Karzai also extended his appeal to Taliban fighters based in Pakistan, where many of them fled following the 2001 US-led invasion of Afghanistan.

In video



 US eyes new Afghan strategy

 Hamid Karzai's main rival

 Afghan candidates risk assassination

Concerns that Taliban fighters will attack the polling stations and prevent Afghans from voting - especially in the southern areas of the country - have grown as the Taliban regains control of parts of Afghanistan.

While the Taliban and other fighters have not announced direct plans to target polls, they have told Afghans to boycott the elections.

Two of the more than 3,000 candidates for the provincial councils have been murdered in recent weeks.

Intimidation fears

The US and other allies have pledged thousands of extra soldiers to protect polling stations and are bankrolling the elections at a cost of $220m.

Last week, Nato's senior military commander warned that fighters could block transport routes and use intimidation to interfere with the elections.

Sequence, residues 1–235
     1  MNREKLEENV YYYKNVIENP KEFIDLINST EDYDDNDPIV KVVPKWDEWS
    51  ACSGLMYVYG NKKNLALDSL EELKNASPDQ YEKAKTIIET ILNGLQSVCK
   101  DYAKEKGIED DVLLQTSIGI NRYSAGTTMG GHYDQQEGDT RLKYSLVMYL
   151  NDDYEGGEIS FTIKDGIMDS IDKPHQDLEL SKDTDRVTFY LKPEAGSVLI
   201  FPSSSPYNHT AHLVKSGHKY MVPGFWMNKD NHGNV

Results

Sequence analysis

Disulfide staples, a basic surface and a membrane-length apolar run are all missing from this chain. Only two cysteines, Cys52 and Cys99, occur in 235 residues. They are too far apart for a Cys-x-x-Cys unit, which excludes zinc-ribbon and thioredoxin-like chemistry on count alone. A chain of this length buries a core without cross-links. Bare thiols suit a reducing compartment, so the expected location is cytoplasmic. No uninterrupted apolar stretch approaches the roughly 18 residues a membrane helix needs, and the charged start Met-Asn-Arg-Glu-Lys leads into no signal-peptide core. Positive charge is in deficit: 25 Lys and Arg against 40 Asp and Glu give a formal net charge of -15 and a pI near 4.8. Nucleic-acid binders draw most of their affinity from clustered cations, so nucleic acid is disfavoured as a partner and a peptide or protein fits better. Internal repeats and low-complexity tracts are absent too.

"I'm sure there will be attempts by the insurgents, the Taliban, to interfere with the polling," John Craddock, Nato's supreme allied commander in Europe, said at his headquarters in Belgium.

Karzai urged fighters to contribute to leading the country towards stability through elections and called on candidates to prioritise national unity.

"We can try for peace through elections, and through elections we can bring development to this country," he said.

Karzai also warned against "interference" by any country, which he said might want to influence the outcome of the elections.